Food & Drink: RISE Kombucha media event

I first tasted kombucha several years ago. It was the RISE Chlorophyll kombucha. It was alright. Kombucha is like a fine wine - it is an acquired taste. My husband had already acquired the taste (because he worked, at the time, for a trendy tech company in Montreal that had a RISE account and always had RISE kombucha available to drink) so he would frequently add kombucha bottles to our household grocery order and every now and then I would have a glass.

It wasn't until a year or so later that I became a daily kombucha drinker. I was 38 years old and had never, in my entire life, had a yeast infection. I wouldn't say I would "brag" to my friends, per se, but let's just say that they all stopped complaining about their yeast infection woes to me after hearing how I "couldn't understand" their discomfort. Then I got my first yeast infection. And then I had one every single month for the next 6 months. Karma truly is a vindictive, conniving *@!*! ...

Someone then mentioned to me that the curative properties of kombucha help to stabilize vaginal pH balances and will effectively fight candida (the bad yeast). I have been drinking a daily dose ever since and have never had a yeast infection since. 

But that is my story. And this is Montreal: the land of freely flowing kombucha. What else can kombucha do? And why is it so freely available in Montreal and so hard to find everywhere else? And how/why did RISE "rise" to the Montreal Hall of Fame for businesses (can I just apologize now for that pun plus all the ones to come?!?!)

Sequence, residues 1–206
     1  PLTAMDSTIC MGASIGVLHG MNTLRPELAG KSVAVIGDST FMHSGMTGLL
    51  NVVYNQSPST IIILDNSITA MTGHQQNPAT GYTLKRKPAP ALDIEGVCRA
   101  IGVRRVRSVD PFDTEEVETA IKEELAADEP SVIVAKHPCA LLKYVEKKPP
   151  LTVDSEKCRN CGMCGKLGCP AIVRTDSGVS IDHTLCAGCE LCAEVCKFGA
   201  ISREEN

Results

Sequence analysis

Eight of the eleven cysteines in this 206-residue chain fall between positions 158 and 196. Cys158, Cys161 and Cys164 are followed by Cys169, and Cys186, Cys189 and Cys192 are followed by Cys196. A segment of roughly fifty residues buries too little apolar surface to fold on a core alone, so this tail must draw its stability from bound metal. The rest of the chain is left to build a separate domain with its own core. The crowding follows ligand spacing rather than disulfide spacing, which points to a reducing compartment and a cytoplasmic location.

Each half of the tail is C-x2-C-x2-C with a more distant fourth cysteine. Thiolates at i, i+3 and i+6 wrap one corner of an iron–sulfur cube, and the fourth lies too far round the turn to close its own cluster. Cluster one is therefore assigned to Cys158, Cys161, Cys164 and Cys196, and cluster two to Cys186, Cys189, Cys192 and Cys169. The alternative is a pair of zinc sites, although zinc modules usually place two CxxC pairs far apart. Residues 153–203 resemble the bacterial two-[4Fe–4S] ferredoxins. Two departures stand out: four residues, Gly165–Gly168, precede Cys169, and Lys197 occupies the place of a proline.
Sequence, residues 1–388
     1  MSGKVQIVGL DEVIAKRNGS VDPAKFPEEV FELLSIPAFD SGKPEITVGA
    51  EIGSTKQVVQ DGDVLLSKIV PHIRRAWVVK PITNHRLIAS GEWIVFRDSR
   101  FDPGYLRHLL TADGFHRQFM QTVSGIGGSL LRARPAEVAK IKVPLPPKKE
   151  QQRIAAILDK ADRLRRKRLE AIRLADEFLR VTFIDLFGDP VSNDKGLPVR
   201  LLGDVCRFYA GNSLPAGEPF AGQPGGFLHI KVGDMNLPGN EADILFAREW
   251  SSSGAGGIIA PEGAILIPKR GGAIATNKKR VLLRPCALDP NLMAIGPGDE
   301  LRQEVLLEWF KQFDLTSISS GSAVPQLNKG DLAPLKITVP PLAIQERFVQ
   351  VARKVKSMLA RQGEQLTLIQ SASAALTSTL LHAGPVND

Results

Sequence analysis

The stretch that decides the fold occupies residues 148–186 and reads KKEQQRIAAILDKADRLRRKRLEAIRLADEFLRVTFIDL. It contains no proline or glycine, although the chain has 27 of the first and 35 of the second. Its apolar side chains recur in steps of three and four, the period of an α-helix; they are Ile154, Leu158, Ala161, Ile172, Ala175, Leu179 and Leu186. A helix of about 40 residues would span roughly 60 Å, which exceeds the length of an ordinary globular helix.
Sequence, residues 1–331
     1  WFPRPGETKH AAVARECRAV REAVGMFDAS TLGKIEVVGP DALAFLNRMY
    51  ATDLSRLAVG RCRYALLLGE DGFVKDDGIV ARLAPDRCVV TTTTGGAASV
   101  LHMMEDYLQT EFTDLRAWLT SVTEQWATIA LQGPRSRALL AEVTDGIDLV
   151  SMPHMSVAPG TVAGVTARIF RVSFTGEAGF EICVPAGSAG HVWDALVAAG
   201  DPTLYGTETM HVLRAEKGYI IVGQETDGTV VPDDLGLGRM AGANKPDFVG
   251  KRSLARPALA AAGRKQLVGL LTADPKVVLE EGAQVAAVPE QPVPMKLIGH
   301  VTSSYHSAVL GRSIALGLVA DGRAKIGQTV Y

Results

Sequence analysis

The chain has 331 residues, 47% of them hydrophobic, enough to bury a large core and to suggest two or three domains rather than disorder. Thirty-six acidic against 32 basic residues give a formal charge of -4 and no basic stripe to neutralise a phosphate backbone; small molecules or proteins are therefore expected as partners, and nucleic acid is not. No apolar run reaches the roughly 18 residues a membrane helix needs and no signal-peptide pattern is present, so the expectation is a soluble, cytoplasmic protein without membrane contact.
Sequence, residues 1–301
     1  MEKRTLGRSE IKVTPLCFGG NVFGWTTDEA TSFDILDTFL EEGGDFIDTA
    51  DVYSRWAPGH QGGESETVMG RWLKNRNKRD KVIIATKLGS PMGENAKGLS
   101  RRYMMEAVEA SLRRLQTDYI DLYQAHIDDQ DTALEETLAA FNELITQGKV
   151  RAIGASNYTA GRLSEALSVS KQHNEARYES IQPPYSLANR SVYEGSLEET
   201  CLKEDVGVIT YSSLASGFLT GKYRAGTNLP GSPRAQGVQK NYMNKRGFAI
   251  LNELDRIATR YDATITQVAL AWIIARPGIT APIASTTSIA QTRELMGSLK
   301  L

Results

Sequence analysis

So when asked to go to the RISE launch event for their two new flavors (which excited me on its own considering I have tasted all the flavors and always resort to the same two!), I was not only ready and willing, I was armed with the questions to which I have been dying to get answers ....

I arrive at La Grande Roue de Montreal and I am quickly ushered into a beautifully, on-brand decorated space. Not to mention the fact that, at La Grande Roue, any interviews happen while RISEing to interesting Montreal heights (in a gondola!). Having been on both the hosting/planning end and the receiving/being-hosted end of these types of events, I can appreciate when it is well done. Without shamelessly plugging the PR agency, I will say that they know how to be creative and tie it all together with a beautifully, branded bow.

The space is all "greenery" and "flowers" with a sprinkling of balloons to add the effervescence of the kombucha experience. From a PR and brand perspective: bravo! Then RISE president, Julian Giacomelli, takes the mic to talk about the company, the brand, the new flavors, and why kombucha is such a Montreal-centric phenomenon.

Wonderfully trendy words are sprinkled into the speech: "artisanal", "quality-centric", "trendy yet timeless". But I want the nitty-gritty! I want to know more than the buzz-wordy, PR-approved-4times-over words. So here is what I was able to figure out about the mysterious, oft-hyped, over-sold world of kombucha.